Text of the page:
Content and Meaning: Jordan Belson’s Mandala (1953)

After reading “Content and Meaning in Abstract Art” by Pamela T. Turner, I have a lot of ideas spinning in my head. While this article focuses on abstract animation as an evolving art-form, I particularly resonated with using animation as a form of self-representation and visual rhythm. Jordan Belson’s Mandala (1953), mentioned in Turner’s article, is one of the first expressions of this particular concept within abstract animation.

Mandala is similar to other works of its time in that the visual focus involves light, shape, and movement, but Belson takes it a bit further. As Belson has described, his work is not completely void of narrative, but rather he is trying “to relate an experience or state of being”. Looking at Mandala this ideology is apparent. The animation focuses on radiating spheres of light in void space, moving in synchronicity to eastern instrumentals. While the animation is simple in form and composition, the subjectivity of these images aligns with concepts such as the soul, the universe, and other broad philosophical rationalizations of the self. The simplicity of this animation leaves a vast space for the viewer to insert themselves into; not to physically picture themselves but to immerse in as an intangible experience, varied among the individual viewer.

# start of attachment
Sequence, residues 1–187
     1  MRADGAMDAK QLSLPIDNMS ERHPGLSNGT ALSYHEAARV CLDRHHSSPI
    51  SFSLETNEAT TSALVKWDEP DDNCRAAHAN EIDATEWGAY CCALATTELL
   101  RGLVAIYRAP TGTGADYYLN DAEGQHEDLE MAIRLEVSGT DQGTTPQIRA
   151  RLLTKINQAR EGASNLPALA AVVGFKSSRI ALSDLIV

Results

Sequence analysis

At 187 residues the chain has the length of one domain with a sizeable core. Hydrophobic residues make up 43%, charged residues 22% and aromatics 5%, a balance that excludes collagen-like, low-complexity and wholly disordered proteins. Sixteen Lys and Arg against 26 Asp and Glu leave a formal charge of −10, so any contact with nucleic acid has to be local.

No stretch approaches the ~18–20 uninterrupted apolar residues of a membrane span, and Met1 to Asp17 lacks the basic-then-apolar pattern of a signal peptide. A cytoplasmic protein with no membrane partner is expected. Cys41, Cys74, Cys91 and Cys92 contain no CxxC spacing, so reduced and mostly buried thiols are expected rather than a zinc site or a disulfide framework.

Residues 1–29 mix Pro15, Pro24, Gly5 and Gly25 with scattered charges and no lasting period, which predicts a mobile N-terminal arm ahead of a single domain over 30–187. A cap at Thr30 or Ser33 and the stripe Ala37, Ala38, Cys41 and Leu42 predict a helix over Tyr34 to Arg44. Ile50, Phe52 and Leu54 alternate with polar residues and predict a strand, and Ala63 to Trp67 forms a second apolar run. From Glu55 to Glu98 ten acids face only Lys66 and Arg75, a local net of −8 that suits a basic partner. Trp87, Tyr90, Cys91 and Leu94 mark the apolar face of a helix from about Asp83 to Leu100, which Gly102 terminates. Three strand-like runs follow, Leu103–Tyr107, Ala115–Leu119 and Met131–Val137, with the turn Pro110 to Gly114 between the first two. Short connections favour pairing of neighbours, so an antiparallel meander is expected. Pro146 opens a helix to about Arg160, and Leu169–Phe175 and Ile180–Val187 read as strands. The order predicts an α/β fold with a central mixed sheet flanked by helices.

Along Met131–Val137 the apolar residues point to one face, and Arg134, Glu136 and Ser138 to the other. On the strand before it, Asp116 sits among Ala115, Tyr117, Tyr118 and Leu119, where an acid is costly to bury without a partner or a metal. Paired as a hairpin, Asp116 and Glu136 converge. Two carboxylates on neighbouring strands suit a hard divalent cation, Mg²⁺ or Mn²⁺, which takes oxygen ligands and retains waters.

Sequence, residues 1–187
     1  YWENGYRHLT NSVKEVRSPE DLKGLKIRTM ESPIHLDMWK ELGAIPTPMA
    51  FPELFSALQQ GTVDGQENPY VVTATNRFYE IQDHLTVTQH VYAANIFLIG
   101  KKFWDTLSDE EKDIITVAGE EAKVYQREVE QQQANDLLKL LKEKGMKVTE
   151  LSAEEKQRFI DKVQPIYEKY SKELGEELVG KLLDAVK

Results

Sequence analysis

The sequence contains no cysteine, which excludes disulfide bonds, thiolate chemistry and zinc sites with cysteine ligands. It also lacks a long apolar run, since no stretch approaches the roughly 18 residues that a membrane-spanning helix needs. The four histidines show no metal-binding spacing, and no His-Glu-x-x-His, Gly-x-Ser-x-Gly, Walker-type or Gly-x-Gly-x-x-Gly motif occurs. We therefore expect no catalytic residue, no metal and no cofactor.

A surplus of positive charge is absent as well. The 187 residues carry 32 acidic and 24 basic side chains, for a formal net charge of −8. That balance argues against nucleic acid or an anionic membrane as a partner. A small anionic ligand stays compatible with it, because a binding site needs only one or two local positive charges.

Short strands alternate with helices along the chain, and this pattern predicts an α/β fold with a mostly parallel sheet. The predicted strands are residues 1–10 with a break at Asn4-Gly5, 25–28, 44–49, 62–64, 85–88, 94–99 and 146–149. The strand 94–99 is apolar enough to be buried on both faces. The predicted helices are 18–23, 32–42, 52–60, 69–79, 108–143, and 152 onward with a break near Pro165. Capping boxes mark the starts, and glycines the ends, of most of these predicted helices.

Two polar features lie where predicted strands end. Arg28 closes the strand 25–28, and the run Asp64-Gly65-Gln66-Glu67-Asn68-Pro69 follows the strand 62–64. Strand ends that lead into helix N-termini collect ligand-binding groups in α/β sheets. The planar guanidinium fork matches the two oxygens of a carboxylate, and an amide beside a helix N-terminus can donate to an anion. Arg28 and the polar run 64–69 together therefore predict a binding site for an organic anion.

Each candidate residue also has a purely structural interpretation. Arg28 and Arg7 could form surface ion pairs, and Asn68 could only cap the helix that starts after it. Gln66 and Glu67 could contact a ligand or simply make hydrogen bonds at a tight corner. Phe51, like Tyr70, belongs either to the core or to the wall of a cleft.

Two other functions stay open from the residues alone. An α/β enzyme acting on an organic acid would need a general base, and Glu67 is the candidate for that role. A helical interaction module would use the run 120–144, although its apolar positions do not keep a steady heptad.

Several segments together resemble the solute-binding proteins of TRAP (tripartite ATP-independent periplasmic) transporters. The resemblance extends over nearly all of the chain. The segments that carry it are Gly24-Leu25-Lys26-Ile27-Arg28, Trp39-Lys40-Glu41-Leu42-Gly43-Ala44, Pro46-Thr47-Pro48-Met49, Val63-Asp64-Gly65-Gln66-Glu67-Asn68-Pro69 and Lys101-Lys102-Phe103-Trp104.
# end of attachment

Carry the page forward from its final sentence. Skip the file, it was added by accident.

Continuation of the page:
This leads me to a major point that was made in Turner’s article: that abstract animation is meant to be approached as an objective experience. Much like music, this art-form isn’t meant to be understood in a linear fashion, but rather as a whole. Mandala takes this concept and pushes it into another realm, using imagery and sound that follows an otherworldly motif. Though the viewer may have no idea what they are looking at, Mandala solicits the viewer to introspect and eventually resonate with the motion and rhythm of the experience.

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